Samsung has become known for dominating the entire spectrum of consumer SSDs over the past few years, partly thanks to it being the first company to market with 3D NAND. However, what really kicked off the company’s SSD success was its 2D planar TLC NAND, which was used in the hugely successful 840 Evo range.
The strength of Samsung’s controllers, when coupled with this densely packed NAND, allowed for great performance and a competitive price. Meanwhile, other competitors were stuck using less dense, and thus pricier, two-level MLC NAND. Since then, Samsung has continued to work on its planar TLC NAND while also continuing its development of 3D NAND products, and the result of that development is its new entry-level drive, the 750 Evo. In contrast, Micron is set to completely abandon planar NAND use in SSDs.
Essentially an upgraded version of the 840 Evo, the 750 Evo uses the latest 16nm TLC NAND, as opposed to the 19nm TLC used in the 840 Evo. It also uses Samsung’s latest controller, so it doesn’t suffer from the same speed degradation problems of Samsung’s 840 Evo drives.
The upshot is a drive series that’s essentially aimed at the likes of the Kingston UV400, although right now, it’s priced just a little higher, with this 500GB drive costing compared to the Kingston drive’s price. Of course, the
“Essentially an upgraded 840 Evo, the 750 Evo uses the latest 16nm TLC NAND”
Kingston has a slightly lower capacity, but it does still come out on top for value.
The drive itself uses Samsung’s signature color scheme of black-painted metal casing with a colored square indicating the drive’s class – grey for Evo, red for Pro. Here, the logo is printed on the chassis, so you can’t remove it, but it at least looks attractive and understated in the first place.
You get no extras in the box, such as a 7mm to 9mm riser, but you can download Samsung’s Magician and Data Migration software for free. These utilities enable easy monitoring and firmware upgrades of your SSD, and enable you to migrate your data from your old drive to the new one. There’s no mention of either utility on the box, but they’re easy to find on Samsung’s website.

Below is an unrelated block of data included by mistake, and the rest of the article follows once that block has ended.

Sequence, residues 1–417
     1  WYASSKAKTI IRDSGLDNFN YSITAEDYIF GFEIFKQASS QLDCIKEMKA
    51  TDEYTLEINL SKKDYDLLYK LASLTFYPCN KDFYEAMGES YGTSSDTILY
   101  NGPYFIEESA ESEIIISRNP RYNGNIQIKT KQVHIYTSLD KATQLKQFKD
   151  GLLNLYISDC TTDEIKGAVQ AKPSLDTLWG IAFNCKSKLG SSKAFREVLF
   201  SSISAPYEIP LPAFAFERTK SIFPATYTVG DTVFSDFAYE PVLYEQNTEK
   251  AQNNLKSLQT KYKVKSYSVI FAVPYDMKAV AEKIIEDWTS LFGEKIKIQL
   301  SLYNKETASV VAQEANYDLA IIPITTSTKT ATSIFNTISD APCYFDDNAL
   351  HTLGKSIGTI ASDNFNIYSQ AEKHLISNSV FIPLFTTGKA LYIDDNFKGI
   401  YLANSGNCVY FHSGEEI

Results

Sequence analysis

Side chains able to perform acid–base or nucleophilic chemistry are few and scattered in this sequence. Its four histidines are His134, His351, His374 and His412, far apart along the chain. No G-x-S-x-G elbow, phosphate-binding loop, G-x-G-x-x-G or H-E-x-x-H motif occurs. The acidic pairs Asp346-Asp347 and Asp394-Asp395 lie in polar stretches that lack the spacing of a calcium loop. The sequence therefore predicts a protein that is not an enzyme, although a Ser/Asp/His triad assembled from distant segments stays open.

When it comes to performance, the 750 Evo initially impressed. This drive, at least in its 500GB form, comfortably competes with mid-range drives. However, the 750 Evo starts to struggle in more intensive workloads. While it’s one of the fastest planar TLC drives available for light use, it slows down in any situation where its cache is full and it’s running at steady-state performance. You can see in our lo meter tests that the 750 Evo really starts to fall behind the Samsung 850 Pro drives, and the 850 Evo 500GB, when it has to work hard.
Nevertheless, this drive wasn’t designed to cope with such scenarios.
If you’re really hammering your SSD -regularly importing masses of photos while simultaneously editing video, running backups and running a virus scan and so on, then you’ll want to move to a higher class of drive.
As such, the Evo 750 manages to find a good niche for itself, as the fastest entry-level drive that’s still comfortably cheaper than the likes of the 850 Evo, just as long as you know its limitations.
Push the Samsung 750 Evo hard and it starts to struggle, but in more regular workloads, it’s the best in its class. This situation might not be clear-cut, but it’s still easy to judge this drive in terms of who should buy it. If you’re primarily just gaming and doing light desktop work, then it’s a good buy, but if you regularly push your PC then other, more expensive SATA drives will handle the workload better.
The fastest 2D TLC drive we’ve tested, but don’t push it too hard.